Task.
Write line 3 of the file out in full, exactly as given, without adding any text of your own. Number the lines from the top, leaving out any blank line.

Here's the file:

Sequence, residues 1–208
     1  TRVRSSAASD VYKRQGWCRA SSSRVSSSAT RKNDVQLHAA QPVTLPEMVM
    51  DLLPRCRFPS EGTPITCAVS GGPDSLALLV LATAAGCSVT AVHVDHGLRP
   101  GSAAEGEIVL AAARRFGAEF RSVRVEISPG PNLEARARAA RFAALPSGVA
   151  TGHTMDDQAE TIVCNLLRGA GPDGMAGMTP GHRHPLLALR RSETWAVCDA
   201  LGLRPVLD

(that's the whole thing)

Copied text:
    51  DLLPRCRFPS EGTPITCAVS GGPDSLALLV LATAAGCSVT AVHVDHGLRP